The rand’s value could overshoot and strengthen to near to 11 to the US dollar, mainly because of foreign buying of local bonds to benefit from high yields and record prices for many locally produced commodities. Counterpoint Asset Management head of fixed income Daniel King expressed this view during a webinar.
“The rand is outperforming the basket of currencies of our trading partners. Counterpoint has an internal purchasing power parity (PPP) model that suggests a fair value of 13.50. That is based on price differentials and inflation differentials in South Africa versus other countries,” he added.
A key factor driving rand strength is commodity prices, which are boosting South Africa’s terms of trade.
‘As long as the long end of our bond curve is relatively attractive, that will attract capital inflows, which could further strengthen the rand,’ King said.
Listen/read: What’s boosting the rand?
‘The rand overshoots to the upside and downside. It can overshoot by 20% or so on the stronger end of the PPP level. So if you think the rand is fair around 13.50, then it could even go to the low 11s against the US dollar,’ he said.
During an interview after the webinar, he said that this was not Counterpoint’s base case view.
‘You shouldn’t be surprised if it overshoots by 20%. Historically, it has gone even wider than that. The reason it is even more likely than history is primarily that real interest rates are extremely high in South Africa,’ King said.
‘In the United States, the ten-year government bond yield is below 2% while you are getting a 9.5% on a South African government bond yield for a similar rate of inflation. That kind of real interest-rate spread is a powerful carry trade attraction for global capital flows. It is very plausible that short-term capital flows will continue to strengthen the rand just on that basis,’ he said.
‘I see little standing in the way of [the rand going to 11 to the US dollar]. If there is a shock globally, that creates a kind of risk-off situation that could turn it around,’ King said.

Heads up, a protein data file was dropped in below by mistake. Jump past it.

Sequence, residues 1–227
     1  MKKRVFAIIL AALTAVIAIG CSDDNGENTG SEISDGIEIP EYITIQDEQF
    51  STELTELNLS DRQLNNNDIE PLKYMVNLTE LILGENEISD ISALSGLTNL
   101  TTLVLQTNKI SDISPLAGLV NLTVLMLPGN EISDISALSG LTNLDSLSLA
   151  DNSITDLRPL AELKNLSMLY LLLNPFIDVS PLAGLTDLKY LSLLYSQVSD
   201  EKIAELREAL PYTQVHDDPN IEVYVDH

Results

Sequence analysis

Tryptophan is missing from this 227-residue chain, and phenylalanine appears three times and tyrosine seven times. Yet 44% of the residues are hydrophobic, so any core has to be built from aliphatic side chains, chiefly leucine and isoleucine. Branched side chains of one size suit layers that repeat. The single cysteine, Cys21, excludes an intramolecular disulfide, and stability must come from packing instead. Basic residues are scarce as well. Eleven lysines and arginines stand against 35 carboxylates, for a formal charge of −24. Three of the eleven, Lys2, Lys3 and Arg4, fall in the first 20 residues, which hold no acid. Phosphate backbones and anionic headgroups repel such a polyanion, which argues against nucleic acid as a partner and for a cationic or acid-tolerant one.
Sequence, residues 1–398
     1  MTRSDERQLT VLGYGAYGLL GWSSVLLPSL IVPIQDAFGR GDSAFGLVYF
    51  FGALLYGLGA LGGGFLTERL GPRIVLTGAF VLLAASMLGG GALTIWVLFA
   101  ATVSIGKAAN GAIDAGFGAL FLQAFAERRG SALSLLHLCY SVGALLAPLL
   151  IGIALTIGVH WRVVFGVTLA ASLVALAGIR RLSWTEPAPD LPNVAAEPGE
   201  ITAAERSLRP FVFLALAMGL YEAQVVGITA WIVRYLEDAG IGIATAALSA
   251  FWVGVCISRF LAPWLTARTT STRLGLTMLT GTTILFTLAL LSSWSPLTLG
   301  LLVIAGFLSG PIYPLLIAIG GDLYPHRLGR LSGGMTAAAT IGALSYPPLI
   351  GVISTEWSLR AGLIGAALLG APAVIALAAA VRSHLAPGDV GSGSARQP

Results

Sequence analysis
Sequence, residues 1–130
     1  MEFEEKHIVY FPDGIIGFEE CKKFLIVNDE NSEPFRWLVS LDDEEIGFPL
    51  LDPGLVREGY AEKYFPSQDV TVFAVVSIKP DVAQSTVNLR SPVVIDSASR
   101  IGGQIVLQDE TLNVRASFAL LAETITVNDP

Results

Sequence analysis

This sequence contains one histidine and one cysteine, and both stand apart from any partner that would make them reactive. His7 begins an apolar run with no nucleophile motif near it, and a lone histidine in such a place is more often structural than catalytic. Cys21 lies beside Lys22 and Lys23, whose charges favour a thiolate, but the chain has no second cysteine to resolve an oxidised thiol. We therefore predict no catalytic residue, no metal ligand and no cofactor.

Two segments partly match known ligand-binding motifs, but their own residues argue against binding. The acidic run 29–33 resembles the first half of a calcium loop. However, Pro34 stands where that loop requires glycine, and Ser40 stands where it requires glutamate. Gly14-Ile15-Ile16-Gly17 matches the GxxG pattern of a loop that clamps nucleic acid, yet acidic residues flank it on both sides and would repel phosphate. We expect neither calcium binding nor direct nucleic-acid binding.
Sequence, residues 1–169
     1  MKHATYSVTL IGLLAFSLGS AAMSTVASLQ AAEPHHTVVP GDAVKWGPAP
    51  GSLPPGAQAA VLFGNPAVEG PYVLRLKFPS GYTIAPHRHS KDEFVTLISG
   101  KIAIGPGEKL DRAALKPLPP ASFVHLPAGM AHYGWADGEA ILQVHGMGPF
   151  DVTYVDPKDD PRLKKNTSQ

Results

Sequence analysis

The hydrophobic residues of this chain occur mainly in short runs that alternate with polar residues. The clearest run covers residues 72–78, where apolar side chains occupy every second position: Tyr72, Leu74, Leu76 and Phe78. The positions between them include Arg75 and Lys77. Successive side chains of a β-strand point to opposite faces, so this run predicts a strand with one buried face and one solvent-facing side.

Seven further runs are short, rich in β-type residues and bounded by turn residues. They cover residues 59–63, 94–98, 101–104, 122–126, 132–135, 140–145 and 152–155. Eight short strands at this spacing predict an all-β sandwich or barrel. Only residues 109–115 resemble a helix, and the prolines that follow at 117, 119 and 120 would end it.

The rand has strengthened by 20.6% to 13.81 over the past year, or an average appreciation of just over 1.7% per month. The last time that the rand was quoted close to 11 to the US dollar was in 2014.
King believed that the spike in local inflation was probably transitory. Beyond the rise in food and petrol prices, the rand would likely keep a lid on imported inflation.
He said that he would be surprised if the South African Reserve Bank (Sarb) hikes interest rates as aggressively as the money market is pricing in, which is almost a percentage point over the next year.
‘Given the weakness of the underlying economy, they [the SARB] can afford to let inflation overshoot temporarily. If the rand overshoots and goes to the lower 11s, there will be no rush to do that [hike rates]. It will probably reflect a strengthening bond market because of improving government finances.’
Banks, retailers to benefit
He said that if the rand strengthened significantly, domestic companies with high leverage, like banks and retailers that sell goods on credit, would benefit. Investors holding local bonds would benefit from the decline in local yields.
‘The portfolios that are going to hurt are those that are overly exposed to offshore assets.’
This article was first published on Citywire South Africa here, and republished with permission.